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24 Jan 2023

Christina Eckes, University of Amsterdam. Lea Main-Klingst, ClientEarth. Lukas Schaugg, International Institute for Sustainable Development (IISD).

Opinion: EU withdrawal from the Energy Charter Treaty is inevitable

'Why a coordinated withdrawal from the Energy Charter Treaty is inevitable',

"Since October 2022, seven EU member states have announced plans to withdraw from the European Charter Treaty (ECT). Across the board, the message is clear: the insufficient and potentially climate-damaging treaty reform effort is no longer a politically viable option, write Christina Eckes, Lea Main-Klingst and Lukas Schaugg.

The ECT is an international agreement dating from the 1990s with the EU and its member states among the contracting parties. Among other functions, the treaty enables energy investors to sue for compensation before international arbitration tribunals if political measures or laws have an adverse effect on their profits. And this is the case even if these measures serve the legitimate objectives of protecting the environment and climate.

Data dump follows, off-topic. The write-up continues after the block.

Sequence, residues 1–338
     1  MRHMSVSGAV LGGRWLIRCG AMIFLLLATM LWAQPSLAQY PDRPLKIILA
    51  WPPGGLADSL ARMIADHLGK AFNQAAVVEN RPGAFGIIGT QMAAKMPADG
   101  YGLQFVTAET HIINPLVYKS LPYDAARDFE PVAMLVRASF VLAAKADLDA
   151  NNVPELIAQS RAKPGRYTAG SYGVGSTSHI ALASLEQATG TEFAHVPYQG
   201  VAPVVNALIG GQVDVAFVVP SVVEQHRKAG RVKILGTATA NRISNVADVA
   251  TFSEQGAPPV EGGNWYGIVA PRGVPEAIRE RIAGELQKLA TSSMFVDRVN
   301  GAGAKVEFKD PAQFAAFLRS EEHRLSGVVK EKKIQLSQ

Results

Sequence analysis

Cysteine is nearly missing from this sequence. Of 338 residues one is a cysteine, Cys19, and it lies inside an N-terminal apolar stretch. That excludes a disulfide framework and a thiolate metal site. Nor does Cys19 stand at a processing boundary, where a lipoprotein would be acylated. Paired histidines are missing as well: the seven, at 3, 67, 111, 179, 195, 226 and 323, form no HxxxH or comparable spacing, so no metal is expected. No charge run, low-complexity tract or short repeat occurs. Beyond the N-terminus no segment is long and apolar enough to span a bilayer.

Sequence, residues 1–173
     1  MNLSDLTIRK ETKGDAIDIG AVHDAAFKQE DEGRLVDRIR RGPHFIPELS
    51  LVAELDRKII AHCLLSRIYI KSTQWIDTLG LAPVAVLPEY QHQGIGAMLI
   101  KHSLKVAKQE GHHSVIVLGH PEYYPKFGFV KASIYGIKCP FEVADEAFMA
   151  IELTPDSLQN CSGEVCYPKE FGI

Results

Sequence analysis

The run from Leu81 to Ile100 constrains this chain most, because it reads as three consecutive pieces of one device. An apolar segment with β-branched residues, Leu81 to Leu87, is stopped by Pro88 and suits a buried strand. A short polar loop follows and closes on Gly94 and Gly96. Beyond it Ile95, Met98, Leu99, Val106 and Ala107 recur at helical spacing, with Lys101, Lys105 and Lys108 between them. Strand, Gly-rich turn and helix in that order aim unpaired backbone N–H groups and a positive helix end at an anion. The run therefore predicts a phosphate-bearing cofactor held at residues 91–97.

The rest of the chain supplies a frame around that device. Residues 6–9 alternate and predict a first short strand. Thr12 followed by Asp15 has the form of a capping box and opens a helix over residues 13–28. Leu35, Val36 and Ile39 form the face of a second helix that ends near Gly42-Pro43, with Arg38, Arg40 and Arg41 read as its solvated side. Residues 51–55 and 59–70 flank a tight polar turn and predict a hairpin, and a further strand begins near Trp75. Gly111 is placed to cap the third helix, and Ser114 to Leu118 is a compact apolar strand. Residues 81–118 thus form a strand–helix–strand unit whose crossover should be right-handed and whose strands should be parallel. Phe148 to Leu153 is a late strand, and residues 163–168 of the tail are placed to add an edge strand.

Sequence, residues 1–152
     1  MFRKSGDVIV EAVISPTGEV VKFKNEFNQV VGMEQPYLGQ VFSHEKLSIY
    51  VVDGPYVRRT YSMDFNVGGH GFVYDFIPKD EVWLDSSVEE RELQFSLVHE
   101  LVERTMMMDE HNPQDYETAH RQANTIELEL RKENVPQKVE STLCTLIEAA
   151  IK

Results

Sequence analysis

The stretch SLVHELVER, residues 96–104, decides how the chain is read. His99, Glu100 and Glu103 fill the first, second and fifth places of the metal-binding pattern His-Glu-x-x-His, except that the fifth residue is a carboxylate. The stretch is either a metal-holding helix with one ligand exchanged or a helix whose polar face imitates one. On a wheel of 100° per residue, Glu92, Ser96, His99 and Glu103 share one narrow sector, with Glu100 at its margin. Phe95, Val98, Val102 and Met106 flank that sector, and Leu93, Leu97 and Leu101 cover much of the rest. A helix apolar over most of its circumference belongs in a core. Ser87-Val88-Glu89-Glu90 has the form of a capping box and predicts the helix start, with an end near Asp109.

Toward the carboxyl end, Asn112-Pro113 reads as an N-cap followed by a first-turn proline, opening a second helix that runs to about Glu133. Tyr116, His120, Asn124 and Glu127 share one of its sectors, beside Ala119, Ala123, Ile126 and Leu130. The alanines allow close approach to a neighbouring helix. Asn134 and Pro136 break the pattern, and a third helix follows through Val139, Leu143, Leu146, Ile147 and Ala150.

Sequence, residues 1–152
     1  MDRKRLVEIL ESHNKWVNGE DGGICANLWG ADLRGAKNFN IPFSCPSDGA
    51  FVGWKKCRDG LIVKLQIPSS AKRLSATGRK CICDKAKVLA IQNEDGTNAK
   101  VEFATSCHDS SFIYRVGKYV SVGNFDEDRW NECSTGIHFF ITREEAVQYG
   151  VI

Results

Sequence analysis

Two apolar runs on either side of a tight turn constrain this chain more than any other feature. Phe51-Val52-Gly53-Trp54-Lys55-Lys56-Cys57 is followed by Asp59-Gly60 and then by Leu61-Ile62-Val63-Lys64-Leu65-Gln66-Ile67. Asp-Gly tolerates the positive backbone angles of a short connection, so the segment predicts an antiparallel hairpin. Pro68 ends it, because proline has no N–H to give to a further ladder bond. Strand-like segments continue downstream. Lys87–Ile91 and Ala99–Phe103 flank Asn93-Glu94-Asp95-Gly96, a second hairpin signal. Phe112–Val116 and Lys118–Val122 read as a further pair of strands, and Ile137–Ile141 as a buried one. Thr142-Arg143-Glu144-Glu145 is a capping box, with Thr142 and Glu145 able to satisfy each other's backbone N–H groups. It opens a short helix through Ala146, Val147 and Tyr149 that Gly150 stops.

Seven EU member states have recently announced a withdrawal from the treaty, and a coordinated withdrawal of the EU is now inevitable.

Past arbitration claims have, for instance, concerned the phase-out of coal or restrictions on offshore drilling or fracking. An arbitral tribunal has recently awarded the British company Rockhopper €190 million in compensation, holding that Italy had banned the development of further oil fields near the coast for environmental reasons.

Meanwhile, according to a large consensus across multiple climate and energy pathways, developing any new oil and gas fields is incompatible with the Paris Agreement and limiting global warming to 1.5°C, as demonstrated in IISD’s recent report “Navigating Energy Transitions”.

The ECT is thus doubly at odds with the climate crisis: On the one hand, it protects climate-damaging investments in fossil energies, and on the other, it puts the brakes on measures to protect the climate and the environment. The threat of astronomical compensation payments alone acts as a deterrent..."